Many Mexicans – especially the working classes – know this corrido by the name of the character "Camelia la Tejana” rather than by the corrido title (Contrabando y Traición / Smuggling and Betrayal). In the 70’s growing marijuana was often a means of economic subsistence and survival for poor individual farmers, particularly in the social-political climate of a “war on drugs” that targeted the Mexican supply rather than the US demand. According to Elijah Wald (Narcocorrido: A Journey into the Music of Drugs, Guns, and Guerrillas, 2001), corrido writers transformed the harsh reality of the drug culture into a “musical mythology.” I also found very fascinating, in the research that Rubén and I did for this project, that the story of Camelia or her character would surface in many different ways in the popular press and media becoming both larger than life and very down to earth! The plot of this corrido is an opera in itself, it has everything: love, betrayal, murder and so on.
Why did ‘Camelia la Tejuna’ (Camelia, the Texan) become so important as a character and myth in the borderland imagination?
That’s what the opera is about! How Camelia becomes a myth. . .
Could you describe the process of artistic collaboration, and how ¡Unicamente la Verdad! has evolved with the collaboration and the input of faculty and students in the Jacobs School of Music at Indiana University?
Opera is collaborative by its very nature! The artistic and financial support of multi-disciplinary and multimedia collaborations are crucial for projects like this, and they have been invaluable to me in composing this opera. I’ve been able to draw on the talent, expertise, resources, and input of the faculty and students in the Jacobs School to test my ideas about different dramatic and musical aspects of the opera, and to do this over the course of a crucial period of composing. For example, ¡Unicamente la Verdad has also developed through the input of director Carmen Helena Téllez that I’ve received in the process of writing for the choral ensemble at IU – the CVE handles (and embraces!) the challenges of new music and the complexities of music informed by popular and vernacular traditions. It has been a wonderful opportunity for me and for them to interact on this project; the final stages of rehearsal, now in full swing, have contributed new ideas for the refinements I am making. I am very grateful to Professors Téllez and Kielian-Gilbert and their grant from the New Frontiers in the Arts and Humanities at Indiana University for making possible this opportunity to collaborate on this kind of innovative artistic project.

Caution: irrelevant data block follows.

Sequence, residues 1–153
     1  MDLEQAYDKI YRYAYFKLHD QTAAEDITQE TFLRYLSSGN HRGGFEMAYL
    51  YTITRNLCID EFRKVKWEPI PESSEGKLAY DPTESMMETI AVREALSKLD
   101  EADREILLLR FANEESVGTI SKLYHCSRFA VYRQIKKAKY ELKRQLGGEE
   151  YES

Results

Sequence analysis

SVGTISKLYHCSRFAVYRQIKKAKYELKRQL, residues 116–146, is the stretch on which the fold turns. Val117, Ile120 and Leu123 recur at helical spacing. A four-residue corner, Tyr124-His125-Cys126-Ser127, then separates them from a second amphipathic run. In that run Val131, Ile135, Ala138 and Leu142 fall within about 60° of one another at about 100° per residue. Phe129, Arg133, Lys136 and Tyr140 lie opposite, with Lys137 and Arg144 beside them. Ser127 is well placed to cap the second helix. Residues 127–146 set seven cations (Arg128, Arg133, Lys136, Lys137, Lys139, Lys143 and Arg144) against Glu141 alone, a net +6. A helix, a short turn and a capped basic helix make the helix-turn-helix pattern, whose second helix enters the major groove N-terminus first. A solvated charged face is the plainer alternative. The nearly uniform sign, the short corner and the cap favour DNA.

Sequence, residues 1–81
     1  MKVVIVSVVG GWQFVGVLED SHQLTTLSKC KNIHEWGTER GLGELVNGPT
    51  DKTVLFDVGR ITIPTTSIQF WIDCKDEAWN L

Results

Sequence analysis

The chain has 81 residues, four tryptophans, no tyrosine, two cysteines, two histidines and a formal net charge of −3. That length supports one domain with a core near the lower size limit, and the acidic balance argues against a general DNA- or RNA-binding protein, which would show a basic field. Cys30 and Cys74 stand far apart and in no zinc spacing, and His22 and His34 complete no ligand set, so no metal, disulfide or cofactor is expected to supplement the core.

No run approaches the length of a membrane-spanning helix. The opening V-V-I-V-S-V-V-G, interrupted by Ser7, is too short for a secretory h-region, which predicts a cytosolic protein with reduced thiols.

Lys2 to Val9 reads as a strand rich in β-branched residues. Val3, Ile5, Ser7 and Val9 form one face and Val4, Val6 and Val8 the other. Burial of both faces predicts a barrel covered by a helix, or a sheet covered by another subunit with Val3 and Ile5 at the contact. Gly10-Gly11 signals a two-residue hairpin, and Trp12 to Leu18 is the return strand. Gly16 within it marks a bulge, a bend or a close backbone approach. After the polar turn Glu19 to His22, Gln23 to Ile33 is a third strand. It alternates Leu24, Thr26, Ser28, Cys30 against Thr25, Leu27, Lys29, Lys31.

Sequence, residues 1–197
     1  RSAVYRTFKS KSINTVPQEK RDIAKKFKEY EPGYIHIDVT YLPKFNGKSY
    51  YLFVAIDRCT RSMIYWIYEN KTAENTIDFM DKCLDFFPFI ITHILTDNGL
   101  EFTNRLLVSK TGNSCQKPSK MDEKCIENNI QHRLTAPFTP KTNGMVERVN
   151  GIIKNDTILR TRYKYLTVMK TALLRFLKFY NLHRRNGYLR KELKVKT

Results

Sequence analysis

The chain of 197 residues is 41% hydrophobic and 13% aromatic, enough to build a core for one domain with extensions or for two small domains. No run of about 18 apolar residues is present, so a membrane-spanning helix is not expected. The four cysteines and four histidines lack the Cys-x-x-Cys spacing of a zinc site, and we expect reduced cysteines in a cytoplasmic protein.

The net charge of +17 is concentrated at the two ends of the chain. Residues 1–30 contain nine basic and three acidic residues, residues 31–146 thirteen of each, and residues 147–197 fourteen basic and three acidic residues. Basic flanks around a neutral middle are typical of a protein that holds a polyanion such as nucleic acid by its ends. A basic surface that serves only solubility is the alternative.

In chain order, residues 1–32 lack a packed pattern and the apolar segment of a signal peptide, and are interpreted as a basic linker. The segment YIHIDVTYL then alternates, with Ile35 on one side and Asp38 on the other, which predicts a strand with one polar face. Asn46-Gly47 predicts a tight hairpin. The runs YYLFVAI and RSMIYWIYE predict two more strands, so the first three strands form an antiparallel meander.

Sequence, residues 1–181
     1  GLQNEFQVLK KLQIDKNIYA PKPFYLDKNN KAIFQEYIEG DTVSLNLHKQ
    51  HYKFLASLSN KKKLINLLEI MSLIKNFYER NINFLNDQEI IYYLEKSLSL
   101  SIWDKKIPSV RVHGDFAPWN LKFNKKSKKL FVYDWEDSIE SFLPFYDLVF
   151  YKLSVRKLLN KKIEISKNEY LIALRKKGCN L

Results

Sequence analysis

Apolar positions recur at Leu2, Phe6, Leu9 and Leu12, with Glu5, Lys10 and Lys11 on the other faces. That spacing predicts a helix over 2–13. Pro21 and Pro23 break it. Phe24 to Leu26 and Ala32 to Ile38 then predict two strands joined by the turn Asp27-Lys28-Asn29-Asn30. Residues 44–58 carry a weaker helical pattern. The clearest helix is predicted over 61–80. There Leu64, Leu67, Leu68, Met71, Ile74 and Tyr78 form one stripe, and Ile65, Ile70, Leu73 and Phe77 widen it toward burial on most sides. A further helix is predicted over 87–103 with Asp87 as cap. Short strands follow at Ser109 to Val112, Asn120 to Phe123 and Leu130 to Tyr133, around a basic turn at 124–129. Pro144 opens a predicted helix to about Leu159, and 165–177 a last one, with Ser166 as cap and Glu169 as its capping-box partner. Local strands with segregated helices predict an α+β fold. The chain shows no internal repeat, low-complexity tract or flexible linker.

You’ve studied music composition with Mario Lavista at the National Conservatory of Music, Federico Ibarra at the National University of Mexico, Robert Saxton at The Guildhall School of Music and Drama, and electronic music composition with Simon Emmerson at The City University in London. How have these studies shaped your compositional voice?
My music presents elements from different Mexican vernacular traditions in a contemporary musical language. Though inspired by narco-corridos about Camelia la Tejana, ¡Unicamente la Verdad! is more of a commentary on the human elements and aspects of her story than my setting or giving her corridos a contemporary form. For example, there are moments in the opera that reference fragments and tiny hints or moments of the corrido (both rhythmic and melodic). These draw from the corrido rhythms and elements as sources or undercurrents of my musical thought.
I wanted to have my own voice emerging from the Mexican Norteño music style. I also composed passages of electronic music for interludes between the different scenes to reinforce the aesthetic and dramatic aspects of the opera. It is exciting for me to see and hear my work come to life in these performances!